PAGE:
Pumpkin seeds also contain lignans as well as zinc. It has been shown that supplemental zinc may help with menstrual cramps (I prefer to use herbs for this as they are way more efficacious). If cramping is caused by excess prostaglandins then zinc would in theory decrease the metabolism of prostaglandins. While they are considered low oxalate, compounded with daily use I did find patients complimented of kidney pain. Oxalates are notorious for hiding in our soft tissues. Think chards of glass… it’s really not pretty.
The sunflower and sesame seeds used in the second phase are thought to support increases of progesterone in the luteal phase. They don’t.
Sunflower seeds there is absolutely zero evidence to support using these. The only thing I could find would be the content of vitamin E, but the amount required by our body wouldn’t be enough as far as the dose in this protocol to make it work. In 1972, a study was published on vitamin E and its similarity to estrogen and progesterone. Do we know what form of vitamin E it is? What does the body consider bioavailable? At least they are low oxalate.
Sesame seeds same deal here, eating the seeds increases levels of one form of vitamin E found in the body but zero increase in estrogen. It did decrease our SHBG which is a type of androgen. Sex hormone-binding globulin, if you know anything about hormones, is a big deal. However, the decrease was so insignificant and inconsistent that it wasn’t worth the ink used to write about it. Ok let’s talk about the oxalates- these are considered high ox meaning daily consumption plus other oxalate seeds will cause issues down the road.
Notice the use of the words “believed” and “thought”. Anyone using words in the definitive as far as far as seed cycling benefits is showing a clear lack of scientific sense.
Let’s talk about risks, benefits, & efficacy.
Benefits: Perhaps placebo. Some found period pain/cramping to be less. Better results utilizing herbs tbh.
Risks: Shockingly yes! Let’s get into it. Oxalates are a health no-no in my world, not talked about enough but definitely detrimental.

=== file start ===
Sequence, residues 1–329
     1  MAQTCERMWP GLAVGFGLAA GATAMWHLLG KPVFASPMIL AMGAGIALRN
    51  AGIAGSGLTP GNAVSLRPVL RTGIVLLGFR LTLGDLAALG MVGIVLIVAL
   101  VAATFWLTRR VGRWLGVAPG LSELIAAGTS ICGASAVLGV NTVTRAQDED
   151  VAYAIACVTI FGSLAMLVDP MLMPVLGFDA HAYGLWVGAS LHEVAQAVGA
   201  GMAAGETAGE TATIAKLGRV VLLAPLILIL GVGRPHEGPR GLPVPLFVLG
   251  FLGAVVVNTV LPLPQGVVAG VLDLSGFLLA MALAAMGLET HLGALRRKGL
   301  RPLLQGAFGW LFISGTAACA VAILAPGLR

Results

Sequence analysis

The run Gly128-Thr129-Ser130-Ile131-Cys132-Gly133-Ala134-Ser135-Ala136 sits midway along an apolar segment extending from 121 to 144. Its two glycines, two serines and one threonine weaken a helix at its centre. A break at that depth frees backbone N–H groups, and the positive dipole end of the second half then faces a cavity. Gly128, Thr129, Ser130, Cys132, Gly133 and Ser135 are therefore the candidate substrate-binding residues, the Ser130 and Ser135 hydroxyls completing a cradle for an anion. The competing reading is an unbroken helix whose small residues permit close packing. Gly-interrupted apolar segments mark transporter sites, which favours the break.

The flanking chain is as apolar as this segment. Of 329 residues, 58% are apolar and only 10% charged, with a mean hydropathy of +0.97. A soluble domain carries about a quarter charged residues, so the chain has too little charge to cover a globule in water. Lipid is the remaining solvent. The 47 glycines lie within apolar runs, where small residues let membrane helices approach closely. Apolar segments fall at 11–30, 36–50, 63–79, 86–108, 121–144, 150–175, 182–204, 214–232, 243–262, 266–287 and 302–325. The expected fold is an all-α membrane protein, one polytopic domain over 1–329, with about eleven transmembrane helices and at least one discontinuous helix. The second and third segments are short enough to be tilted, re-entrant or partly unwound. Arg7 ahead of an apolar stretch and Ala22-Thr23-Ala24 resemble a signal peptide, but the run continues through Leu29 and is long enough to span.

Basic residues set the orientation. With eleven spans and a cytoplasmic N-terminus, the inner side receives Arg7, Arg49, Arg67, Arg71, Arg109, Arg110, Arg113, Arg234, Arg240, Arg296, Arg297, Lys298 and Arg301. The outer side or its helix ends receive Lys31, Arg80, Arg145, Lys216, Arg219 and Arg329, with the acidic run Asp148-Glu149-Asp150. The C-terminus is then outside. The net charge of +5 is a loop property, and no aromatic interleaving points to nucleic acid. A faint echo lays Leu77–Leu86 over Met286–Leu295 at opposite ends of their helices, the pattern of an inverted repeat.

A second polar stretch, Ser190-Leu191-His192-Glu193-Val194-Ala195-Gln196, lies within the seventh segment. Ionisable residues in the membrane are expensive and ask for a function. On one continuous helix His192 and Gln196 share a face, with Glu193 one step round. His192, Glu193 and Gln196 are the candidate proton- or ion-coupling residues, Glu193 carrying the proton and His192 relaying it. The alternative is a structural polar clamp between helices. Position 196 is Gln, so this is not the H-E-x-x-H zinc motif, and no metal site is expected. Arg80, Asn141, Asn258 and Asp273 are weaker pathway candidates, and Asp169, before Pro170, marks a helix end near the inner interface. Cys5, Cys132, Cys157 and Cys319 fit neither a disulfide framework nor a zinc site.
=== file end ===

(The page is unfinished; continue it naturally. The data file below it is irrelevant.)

Lignans cut down free testosterone levels, ladies we NEED testosterone and most of us already have a massive decline. Sadly flaxseed is high in lignans, binding to our testosterone and forcing it to be excreted from your body.
What are the compounds with the so-called claims? We’ve got lignans, which are believed to weakly mimic some of the effects of human estrogen, but also are harmful.. oh and vitamin E. That’s not a lot to go on folks
Nuts and seeds contain antinutrients like phytates, protease inhibitors, and lectins, which contribute to inflammation, malabsorption, and disease. I avoid them and so do the majority of my patients.
Long after I realized seed cycling was BS and didn’t work to balance hormones, I then was alerted to the damage seeds can do. I mean wtf is an antinutrient? Is it just another buzzword or a fad? Yes, and no. The extremists would have us believe they are the devil himself, personally, I wouldn’t go that far. They ARE something I now caution my patients about. The ones who swipe left (that means reject) on nuts and seeds for 30 days find a difference in aches, pains and other health issues that they otherwise never would have attributed to so-called “healthy” foods.
That’s my take on seed cycling as a hormone expert, who regularly tests womens hormones.